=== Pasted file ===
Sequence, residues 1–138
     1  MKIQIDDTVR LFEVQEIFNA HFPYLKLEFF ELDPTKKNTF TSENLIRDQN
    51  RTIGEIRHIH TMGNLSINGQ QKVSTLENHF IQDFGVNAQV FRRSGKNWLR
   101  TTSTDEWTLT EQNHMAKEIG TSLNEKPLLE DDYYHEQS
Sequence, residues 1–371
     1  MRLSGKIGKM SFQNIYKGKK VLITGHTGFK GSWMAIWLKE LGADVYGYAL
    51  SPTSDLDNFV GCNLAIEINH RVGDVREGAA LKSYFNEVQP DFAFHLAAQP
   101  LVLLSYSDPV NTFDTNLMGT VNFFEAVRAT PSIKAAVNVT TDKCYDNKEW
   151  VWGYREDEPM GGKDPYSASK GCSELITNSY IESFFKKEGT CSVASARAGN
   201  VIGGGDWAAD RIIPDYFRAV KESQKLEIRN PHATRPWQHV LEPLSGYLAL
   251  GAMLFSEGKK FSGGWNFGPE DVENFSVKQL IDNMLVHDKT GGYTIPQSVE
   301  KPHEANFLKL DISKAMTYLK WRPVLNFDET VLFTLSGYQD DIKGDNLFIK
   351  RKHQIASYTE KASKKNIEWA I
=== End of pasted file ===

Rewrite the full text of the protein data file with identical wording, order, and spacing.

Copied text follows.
Sequence, residues 1–138
     1  MKIQIDDTVR LFEVQEIFNA HFPYLKLEFF ELDPTKKNTF TSENLIRDQN
    51  RTIGEIRHIH TMGNLSINGQ QKVSTLENHF IQDFGVNAQV FRRSGKNWLR
   101  TTSTDEWTLT EQNHMAKEIG TSLNEKPLLE DDYYHEQS
Sequence, residues 1–371
     1  MRLSGKIGKM SFQNIYKGKK VLITGHTGFK GSWMAIWLKE LGADVYGYAL
    51  SPTSDLDNFV GCNLAIEINH RVGDVREGAA LKSYFNEVQP DFAFHLAAQP
   101  LVLLSYSDPV NTFDTNLMGT VNFFEAVRAT PSIKAAVNVT TDKCYDNKEW
   151  VWGYREDEPM GGKDPYSASK GCSELITNSY IESFFKKEGT CSVASARAGN
   201  VIGGGDWAAD RIIPDYFRAV KESQKLEIRN PHATRPWQHV LEPLSGYLAL
   251  GAMLFSEGKK FSGGWNFGPE DVENFSVKQL IDNMLVHDKT GGYTIPQSVE
   301  KPHEANFLKL DISKAMTYLK WRPVLNFDET VLFTLSGYQD DIKGDNLFIK
   351  RKHQIASYTE KASKKNIEWA I